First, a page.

Perloff’s direction was, likewise … you guessed it … fine, with realistic acting and blocking, and the occasional breaking down of the fourth wall with characters running out into the audience, or the aforementioned Brechtian placement of David Coulter on the stage.  One assumes that with all of the above strategies employed to modernize this old 19th century morality lesson, it would highlight that these issues are a present-day problem, as well.  Perloff says in her interview in the program that she hopes audiences will take from the play that “women have only really begun the fight for autonomy and cultural value.”  Amen.  But, for me anyway, the play doesn’t walk that walk.  I don’t know.  I think perhaps a good rule of thumb, for me, is that, when doing realistic plays that really capture their time – but that come from a time countless generations ago — perhaps use the LEAST realistic style as possible.  Or perhaps, if playing it straight, one might simply project a supertitle in the beginning, that places the whole otherwise-crusty-bygone-era play in a creepy-near-future setting?  “The year is 2045…,” or something?  Make it feel more Handmaid’s Tale-y somehow? Or have giant photos of current misogynist rightwing leaders shown when Manders says “right sorts of people”?  Something less subtle, less realistic, LESS Ibsen is needed to make this 1880s play fresh.  Because as it is, I feel only the highest-of-brow theater majors of the Generation-Millennial-and-Z set will be able to enjoy this.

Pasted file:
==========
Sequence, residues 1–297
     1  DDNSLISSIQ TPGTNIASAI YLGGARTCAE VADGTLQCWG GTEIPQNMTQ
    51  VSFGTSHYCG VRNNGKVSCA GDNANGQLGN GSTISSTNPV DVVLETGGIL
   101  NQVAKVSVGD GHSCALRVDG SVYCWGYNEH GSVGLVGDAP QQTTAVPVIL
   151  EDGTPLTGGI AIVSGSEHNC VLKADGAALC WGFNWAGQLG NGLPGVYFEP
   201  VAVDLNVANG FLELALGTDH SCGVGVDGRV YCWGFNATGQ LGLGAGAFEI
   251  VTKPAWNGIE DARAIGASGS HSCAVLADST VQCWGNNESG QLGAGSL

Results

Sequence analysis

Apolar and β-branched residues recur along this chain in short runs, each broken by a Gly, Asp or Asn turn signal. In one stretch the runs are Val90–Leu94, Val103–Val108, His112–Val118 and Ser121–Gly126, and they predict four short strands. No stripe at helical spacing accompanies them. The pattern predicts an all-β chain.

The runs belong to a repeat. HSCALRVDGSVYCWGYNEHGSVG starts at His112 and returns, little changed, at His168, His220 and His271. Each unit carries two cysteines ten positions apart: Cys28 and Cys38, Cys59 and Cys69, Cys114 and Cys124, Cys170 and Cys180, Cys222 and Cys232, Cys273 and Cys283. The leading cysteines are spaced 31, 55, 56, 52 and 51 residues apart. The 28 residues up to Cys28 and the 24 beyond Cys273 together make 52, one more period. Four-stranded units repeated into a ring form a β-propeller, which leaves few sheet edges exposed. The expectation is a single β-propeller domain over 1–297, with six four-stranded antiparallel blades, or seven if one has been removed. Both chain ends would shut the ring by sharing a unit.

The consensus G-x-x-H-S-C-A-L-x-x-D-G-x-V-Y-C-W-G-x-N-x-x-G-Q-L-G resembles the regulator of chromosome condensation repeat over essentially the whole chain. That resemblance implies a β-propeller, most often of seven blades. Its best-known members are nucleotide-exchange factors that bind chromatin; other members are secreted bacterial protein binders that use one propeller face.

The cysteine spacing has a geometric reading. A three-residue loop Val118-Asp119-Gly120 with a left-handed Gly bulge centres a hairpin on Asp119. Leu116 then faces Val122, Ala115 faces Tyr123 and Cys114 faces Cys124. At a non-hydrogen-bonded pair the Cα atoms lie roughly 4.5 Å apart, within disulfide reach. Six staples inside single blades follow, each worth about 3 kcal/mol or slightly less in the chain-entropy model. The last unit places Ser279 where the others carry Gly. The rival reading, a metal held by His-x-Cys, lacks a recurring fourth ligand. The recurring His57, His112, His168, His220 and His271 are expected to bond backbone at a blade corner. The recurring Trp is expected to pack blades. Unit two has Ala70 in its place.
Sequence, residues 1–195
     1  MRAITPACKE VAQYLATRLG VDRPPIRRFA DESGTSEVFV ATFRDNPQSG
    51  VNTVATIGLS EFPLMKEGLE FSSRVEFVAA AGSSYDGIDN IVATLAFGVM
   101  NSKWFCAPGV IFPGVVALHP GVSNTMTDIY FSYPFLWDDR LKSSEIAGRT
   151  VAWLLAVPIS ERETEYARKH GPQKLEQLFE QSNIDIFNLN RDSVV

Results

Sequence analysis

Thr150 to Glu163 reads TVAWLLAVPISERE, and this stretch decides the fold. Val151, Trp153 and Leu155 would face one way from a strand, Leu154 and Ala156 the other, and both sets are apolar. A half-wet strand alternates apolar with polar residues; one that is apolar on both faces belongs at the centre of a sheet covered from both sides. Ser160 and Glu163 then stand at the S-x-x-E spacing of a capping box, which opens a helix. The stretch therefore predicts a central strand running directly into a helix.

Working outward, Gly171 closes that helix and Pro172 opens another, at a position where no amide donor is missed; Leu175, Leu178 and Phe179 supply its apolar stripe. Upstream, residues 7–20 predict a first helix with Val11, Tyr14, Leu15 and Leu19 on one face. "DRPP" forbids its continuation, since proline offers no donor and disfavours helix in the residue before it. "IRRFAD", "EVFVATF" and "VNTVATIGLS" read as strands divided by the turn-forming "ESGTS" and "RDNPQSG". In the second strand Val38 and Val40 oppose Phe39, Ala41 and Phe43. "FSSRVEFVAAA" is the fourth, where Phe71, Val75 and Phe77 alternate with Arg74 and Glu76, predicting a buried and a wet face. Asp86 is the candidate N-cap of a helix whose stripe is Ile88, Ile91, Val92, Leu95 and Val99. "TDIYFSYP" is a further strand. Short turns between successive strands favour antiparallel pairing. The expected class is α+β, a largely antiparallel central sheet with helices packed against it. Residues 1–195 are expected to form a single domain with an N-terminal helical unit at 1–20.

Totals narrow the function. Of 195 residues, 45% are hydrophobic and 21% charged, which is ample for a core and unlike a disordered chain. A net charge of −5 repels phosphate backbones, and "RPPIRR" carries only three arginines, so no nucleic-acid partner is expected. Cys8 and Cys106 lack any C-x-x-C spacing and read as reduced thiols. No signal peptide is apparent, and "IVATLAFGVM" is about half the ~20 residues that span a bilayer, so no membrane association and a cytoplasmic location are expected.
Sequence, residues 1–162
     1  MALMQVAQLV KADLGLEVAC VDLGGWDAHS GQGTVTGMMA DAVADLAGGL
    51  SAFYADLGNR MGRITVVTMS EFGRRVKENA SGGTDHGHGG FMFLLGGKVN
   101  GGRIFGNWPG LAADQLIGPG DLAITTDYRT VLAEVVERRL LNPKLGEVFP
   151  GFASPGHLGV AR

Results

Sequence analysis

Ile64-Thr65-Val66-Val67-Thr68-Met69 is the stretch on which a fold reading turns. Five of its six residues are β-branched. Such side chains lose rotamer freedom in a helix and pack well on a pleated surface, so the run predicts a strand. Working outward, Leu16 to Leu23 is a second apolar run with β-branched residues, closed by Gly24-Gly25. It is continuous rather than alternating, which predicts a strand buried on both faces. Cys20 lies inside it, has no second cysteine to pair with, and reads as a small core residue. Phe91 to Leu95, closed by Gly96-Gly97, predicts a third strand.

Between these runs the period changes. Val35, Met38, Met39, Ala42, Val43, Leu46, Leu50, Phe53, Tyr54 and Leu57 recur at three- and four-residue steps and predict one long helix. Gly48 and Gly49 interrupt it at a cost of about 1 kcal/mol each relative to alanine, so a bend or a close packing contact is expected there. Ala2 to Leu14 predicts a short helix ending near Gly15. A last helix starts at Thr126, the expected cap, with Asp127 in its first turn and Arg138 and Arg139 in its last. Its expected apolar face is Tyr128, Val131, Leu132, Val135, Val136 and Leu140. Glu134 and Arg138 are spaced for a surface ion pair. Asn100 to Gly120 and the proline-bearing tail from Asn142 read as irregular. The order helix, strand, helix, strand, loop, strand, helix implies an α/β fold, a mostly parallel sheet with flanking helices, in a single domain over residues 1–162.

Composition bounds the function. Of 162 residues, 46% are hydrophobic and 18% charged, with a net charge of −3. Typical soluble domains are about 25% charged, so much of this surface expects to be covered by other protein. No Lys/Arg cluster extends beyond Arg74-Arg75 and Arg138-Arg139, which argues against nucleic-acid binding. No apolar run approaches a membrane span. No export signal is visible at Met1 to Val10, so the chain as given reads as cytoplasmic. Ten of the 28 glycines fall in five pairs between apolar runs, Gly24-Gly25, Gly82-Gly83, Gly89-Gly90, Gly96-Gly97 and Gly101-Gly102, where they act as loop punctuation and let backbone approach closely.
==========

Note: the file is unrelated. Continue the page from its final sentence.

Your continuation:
It looks increasingly plausible — with the Federalist Society succeeding at packing the Court, with the far right essentially succeeding at dismantling democracy at every level, with dozens of states enacting laws to put women “back in their place,” and with this dark cloud of nazionalism otherwise sweeping over the entire West these past 10 or so years — that the hard-won human rights of the first waves of feminism are imminently at risk, and that women’s lives are in danger right now.  Thus, on the topic of religion/morality oppressing women, which this play covers, we need a MUCH more impassioned art, that speaks to all women, not just Gen X and Boomer Rep audiences.  An art that really captures today, the here-and-now.  While I love the idea of this play, this production just doesn’t do it for me.  It feels more like … well, Gengangere.  A play that has returned.